New York’s low-interest loan program will offer larger down payment assistance loans, expand to more lenders and provide additional assistance to distressed homeowners, in a bid to bridge the gap. wealth gap between whites and minorities, state officials said this week.
Governor Andrew M. Cuomo said he would ask the New York State Mortgage Agency, or SONYMA, to increase the minimum down payment assistance loan amount from $3,000 to $7,500. $, among other changes. Interest-free down payment loans can be canceled after 10 years and can cover up to 3% of the purchase price.
The state also plans to allow more small banks, community development financial institutions, and local credit unions to become eligible to offer SONYMA loans in low-income areas, and it will allow SONYMA lenders to help struggling homeowners by lowering interest rates, forgiving debt and making other changes to loan terms, he said.
Current program mortgage rates are as low as 2.625%. It is open to first-time buyers who meet certain criteria, such as income and purchase price ceilings.
“We know that the racial wealth gap is overwhelmingly a housing wealth gap and New York is taking action to correct the systemic injustices that have kept households of color from becoming wealthier,” Cuomo said. in a statement Monday. “Expanding access to loans and assistance for first-time homebuyers in communities disproportionately affected by the foreclosure crisis and predatory and illegal redlining practices is an important step towards equalizing homeownership rates and creating a stronger, fairer, and fairer New York for all.”
A typical white family had a net worth of $171,000 in 2016, nearly 10 times the net worth of a typical black family, the Washington, DC-based nonprofit Brookings Institution reported last year. One of the reasons for the gap is the highlighting or denial of access to credit in predominantly black communities, the political group said. The practice was named after the red lines that the federal government and lenders drew on maps, beginning in the 1930s, to delineate areas deemed risky for federal mortgages. The wealth gap cannot be fully explained by differences in income, debt or education, the policy group found.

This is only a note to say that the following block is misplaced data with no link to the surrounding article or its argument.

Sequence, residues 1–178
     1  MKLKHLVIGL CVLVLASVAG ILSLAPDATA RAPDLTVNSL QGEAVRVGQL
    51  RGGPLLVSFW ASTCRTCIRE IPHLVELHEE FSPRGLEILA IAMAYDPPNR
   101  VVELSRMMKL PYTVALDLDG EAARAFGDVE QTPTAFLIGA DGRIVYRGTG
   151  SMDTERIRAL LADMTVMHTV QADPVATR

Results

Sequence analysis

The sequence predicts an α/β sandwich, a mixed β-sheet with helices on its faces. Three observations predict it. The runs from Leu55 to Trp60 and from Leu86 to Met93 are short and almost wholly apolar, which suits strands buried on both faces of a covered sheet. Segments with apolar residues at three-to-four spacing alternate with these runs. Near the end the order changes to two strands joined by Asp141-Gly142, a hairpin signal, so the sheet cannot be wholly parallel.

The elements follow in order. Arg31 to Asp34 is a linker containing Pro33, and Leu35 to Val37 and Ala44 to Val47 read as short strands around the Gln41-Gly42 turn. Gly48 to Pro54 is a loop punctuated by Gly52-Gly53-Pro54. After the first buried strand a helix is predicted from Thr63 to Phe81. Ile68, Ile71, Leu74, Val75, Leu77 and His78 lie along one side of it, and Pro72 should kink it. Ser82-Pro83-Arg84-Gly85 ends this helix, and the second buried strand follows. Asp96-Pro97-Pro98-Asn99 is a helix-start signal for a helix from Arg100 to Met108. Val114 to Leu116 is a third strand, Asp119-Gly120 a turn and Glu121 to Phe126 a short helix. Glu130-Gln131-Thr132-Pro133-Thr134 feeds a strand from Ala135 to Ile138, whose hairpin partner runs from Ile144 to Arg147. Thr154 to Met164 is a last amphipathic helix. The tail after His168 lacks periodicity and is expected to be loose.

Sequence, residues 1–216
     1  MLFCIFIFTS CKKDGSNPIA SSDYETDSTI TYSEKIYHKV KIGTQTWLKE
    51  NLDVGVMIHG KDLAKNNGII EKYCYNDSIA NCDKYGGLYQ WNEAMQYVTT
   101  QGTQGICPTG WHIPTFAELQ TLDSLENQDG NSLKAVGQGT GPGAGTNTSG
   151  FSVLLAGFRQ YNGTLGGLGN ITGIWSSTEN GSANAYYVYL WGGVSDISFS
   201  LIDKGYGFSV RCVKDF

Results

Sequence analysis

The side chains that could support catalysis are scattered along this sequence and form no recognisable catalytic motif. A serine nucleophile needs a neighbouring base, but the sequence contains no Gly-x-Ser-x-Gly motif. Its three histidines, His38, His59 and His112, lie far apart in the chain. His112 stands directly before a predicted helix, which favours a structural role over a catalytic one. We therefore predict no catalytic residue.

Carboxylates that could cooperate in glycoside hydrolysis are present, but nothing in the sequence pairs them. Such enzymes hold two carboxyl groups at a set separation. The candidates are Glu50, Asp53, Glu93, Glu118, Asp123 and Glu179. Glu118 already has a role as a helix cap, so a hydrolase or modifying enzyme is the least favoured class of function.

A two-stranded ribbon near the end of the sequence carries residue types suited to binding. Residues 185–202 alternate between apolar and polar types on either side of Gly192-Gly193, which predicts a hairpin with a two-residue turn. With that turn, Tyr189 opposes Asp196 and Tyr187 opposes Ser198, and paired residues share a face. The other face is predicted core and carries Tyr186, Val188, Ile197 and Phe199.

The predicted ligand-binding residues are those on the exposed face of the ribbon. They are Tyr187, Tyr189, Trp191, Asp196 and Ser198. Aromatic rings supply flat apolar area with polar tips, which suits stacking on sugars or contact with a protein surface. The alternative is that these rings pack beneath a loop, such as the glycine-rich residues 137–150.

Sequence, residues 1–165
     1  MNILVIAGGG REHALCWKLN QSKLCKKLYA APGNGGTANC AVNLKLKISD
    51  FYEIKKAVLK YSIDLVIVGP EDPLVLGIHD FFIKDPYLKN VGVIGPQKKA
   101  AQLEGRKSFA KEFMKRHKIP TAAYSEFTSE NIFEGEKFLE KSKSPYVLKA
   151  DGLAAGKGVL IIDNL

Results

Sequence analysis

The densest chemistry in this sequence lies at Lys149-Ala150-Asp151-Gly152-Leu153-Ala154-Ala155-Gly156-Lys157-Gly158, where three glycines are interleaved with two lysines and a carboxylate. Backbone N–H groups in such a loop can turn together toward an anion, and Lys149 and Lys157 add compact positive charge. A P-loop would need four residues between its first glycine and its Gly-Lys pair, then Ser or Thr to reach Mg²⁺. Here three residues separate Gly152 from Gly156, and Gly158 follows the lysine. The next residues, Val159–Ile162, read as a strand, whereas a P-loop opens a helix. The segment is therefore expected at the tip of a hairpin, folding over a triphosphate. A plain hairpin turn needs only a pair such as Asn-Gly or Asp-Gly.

Helping more people become homeowners is good for anyone hoping to increase their wealth, not just for minorities, said Quentin J. Hardy, Long Island regional manager for South Carolina-based lender Movement Mortgage and author of “A Guide to Becoming a Homeowner for African Americans”. .” The book is available at yourqualifier.com.
Hardy, who is black, said he and his wife spent a year living with his parents to save up to buy their first house in Freeport in 1997 for $160,000, and got help from relatives to raise a down payment 3% for their federal housing administration. to lend. Five years later, they sold the house for double the amount they paid, he said.
“The best thing most people can do to positively impact their financial future is to become a homeowner,” he said. “Anything we can do for any group, not just black people, that increases homeownership and increases it in a sustainable way…it will have a positive economic effect on that group.”
Elaine Gross, founder and president of the Syosset-based nonprofit Erase Racism, warned that as the state expands the program, it needs to make sure buyers don’t take on more debt than ‘they can’t bear it.
“A program like this, if done well, will be beneficial,” she said. “One of the big traps you don’t want is for people to walk into a house and not be able to stay there.”